While our Lake Forest cosmetic dentist can give you a complete smile makeover, restoring your teeth and improving your self-confidence, you cannot fully benefit from your artistic cosmetic dental work if you struggle with halitosis. After all, how can you show off those brand new pearly whites when you are afraid to offend people with bad breath? There are multiple causes of bad breath, but the condition is preventable. One of the easiest ways to keep your mouth smelling fresh is to stay away from foods that contribute to halitosis.
Why Certain Foods Lead to Bad Breath
Foods themselves do not actually cause bad breath. The breakdown of food particles in the mouth and the absorption of certain oils into the blood stream do. The emission of sulfur compounds by bacteria as they break down food in the mouth cause your breath to stink. Sulfur compounds are actually behind many of nature’s most offensive smells. Skunks, for example, emit sulfur compounds to ward off potential threats. That means your friends and loved ones are not too far off when they say your breath smells like a skunk.
Certain food oils actually contain sulfur. Onions and garlic are some of the worst offenders on the list of bad breath culprits. The reason for this is their oils, rich with sulfur compounds, are absorbed into your blood stream after consumption. The oils travel through your blood, eventually reaching the lungs, where they are released into the air you breath out.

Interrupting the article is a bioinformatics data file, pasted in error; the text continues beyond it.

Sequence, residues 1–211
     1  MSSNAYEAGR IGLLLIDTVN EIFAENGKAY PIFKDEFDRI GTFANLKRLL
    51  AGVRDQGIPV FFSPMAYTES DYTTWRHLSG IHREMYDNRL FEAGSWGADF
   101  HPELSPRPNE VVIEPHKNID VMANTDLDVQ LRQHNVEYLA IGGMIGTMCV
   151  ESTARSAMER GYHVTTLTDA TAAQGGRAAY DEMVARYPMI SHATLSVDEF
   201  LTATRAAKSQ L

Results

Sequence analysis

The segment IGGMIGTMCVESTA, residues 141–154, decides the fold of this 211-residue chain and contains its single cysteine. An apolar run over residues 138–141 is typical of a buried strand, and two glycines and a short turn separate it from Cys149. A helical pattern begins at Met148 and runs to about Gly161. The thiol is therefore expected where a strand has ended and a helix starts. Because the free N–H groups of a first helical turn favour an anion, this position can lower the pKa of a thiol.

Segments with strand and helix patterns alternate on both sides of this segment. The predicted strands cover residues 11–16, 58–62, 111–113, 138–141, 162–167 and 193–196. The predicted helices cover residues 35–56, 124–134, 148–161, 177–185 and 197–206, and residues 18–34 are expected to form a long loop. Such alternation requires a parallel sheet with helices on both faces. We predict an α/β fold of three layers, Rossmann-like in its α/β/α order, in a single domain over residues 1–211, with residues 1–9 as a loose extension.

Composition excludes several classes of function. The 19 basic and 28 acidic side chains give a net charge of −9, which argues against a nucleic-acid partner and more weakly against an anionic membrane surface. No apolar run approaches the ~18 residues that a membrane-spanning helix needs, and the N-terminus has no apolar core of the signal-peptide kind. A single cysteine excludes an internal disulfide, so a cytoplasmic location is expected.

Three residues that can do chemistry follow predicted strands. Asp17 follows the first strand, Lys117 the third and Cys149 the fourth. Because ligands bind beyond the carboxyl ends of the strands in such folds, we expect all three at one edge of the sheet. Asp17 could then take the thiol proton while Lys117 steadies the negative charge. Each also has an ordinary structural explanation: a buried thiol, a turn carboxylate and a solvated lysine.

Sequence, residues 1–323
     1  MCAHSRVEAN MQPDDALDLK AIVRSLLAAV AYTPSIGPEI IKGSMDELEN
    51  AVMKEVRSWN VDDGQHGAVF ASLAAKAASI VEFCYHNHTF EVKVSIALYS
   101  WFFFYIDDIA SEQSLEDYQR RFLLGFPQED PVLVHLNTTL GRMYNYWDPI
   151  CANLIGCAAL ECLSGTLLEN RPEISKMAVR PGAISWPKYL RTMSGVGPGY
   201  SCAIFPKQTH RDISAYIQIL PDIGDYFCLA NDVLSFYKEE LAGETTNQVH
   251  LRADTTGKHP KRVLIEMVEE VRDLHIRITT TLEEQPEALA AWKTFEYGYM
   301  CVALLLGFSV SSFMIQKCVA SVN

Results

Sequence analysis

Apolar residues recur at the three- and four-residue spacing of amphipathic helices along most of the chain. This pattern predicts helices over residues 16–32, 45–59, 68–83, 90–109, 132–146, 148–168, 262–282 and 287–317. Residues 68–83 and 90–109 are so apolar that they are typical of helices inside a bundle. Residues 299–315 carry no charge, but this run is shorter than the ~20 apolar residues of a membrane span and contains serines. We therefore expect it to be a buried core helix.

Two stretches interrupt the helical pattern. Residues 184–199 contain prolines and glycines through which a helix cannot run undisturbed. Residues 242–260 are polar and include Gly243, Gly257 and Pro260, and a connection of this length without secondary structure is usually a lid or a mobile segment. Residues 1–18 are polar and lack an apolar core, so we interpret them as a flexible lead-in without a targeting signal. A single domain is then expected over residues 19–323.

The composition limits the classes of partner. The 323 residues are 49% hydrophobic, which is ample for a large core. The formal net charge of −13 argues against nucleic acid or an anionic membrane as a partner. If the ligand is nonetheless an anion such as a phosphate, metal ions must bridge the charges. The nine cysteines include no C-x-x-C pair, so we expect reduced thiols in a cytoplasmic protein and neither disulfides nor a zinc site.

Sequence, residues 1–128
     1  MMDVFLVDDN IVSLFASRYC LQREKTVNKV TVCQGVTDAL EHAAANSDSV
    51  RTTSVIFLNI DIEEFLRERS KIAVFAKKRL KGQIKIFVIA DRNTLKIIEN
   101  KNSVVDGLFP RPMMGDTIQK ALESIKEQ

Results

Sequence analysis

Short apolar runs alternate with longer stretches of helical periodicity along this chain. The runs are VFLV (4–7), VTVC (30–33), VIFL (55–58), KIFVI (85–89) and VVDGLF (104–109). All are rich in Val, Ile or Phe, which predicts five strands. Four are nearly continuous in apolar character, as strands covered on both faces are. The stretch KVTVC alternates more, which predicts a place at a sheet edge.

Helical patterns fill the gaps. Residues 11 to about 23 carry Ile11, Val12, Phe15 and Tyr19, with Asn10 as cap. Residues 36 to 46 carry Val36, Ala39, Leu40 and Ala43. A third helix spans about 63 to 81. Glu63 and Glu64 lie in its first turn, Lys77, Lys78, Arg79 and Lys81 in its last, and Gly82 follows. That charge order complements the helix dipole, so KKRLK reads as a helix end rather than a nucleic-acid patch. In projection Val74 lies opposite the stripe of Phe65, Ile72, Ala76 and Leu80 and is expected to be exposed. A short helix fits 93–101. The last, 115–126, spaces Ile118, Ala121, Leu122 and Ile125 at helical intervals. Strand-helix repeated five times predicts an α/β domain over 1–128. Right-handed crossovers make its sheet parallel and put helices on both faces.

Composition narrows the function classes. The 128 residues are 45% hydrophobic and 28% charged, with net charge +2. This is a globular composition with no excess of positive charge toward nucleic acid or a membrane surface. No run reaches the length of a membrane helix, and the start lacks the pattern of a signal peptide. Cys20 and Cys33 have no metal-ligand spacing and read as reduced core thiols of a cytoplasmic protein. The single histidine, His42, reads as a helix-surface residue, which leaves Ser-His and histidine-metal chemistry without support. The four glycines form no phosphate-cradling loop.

Types of Food You Should Avoid
You can defend against bad breath by avoiding certain types of foods known to contribute heavily to halitosis. We have already covered onions and garlic. Others include alcohol, protein-rich dairy, sugar, and acidic drinks.
- Alcohol dries out your mouth, which increases the amount of oral bacteria that release sulfur compounds when breaking down food. Because there is less saliva in your mouth to wash away food particles, these bacteria have a feeding frenzy that leaves your breath smelling foul and unattractive.
- Protein-rich dairy items contribute to bad breath because they build up amino acids in your mouth, which oral bacteria then convert into smelly sulfur compounds. Additionally, those who are lactose intolerant are more prone to bad breath than those who are not.
- Sugars actually contribute to bad breath in two ways. Like other foods, oral bacteria break sugar particles down and convert them into sulfur compounds. Sugars also contribute to plaque build-up. Plaque is the collection of bacteria that cause gum disease. Bacterial infection resulting in gum disease also causes bad breath. For this reason, stay away from sugary mints to mask halitosis. These will only make the problem worse.
- Acidic drinks cause bad breath because acid encourages the growth of oral bacteria. That means an increase in the bacteria that break down foods and cause halitosis. Stay away from coffee, which has acid in it. You should also avoid tomato, orange, pineapple, and grapefruit juice.
Schedule an Appointment
Dr. James Fondriest specializes in cosmetic dentistry and can help improve and restore your smile, whether or not you struggle with bad breath. To schedule a consultation with him, please call our Lake Forest dentist office at (847) 234-0517. We serve the Chicago, Illinois area.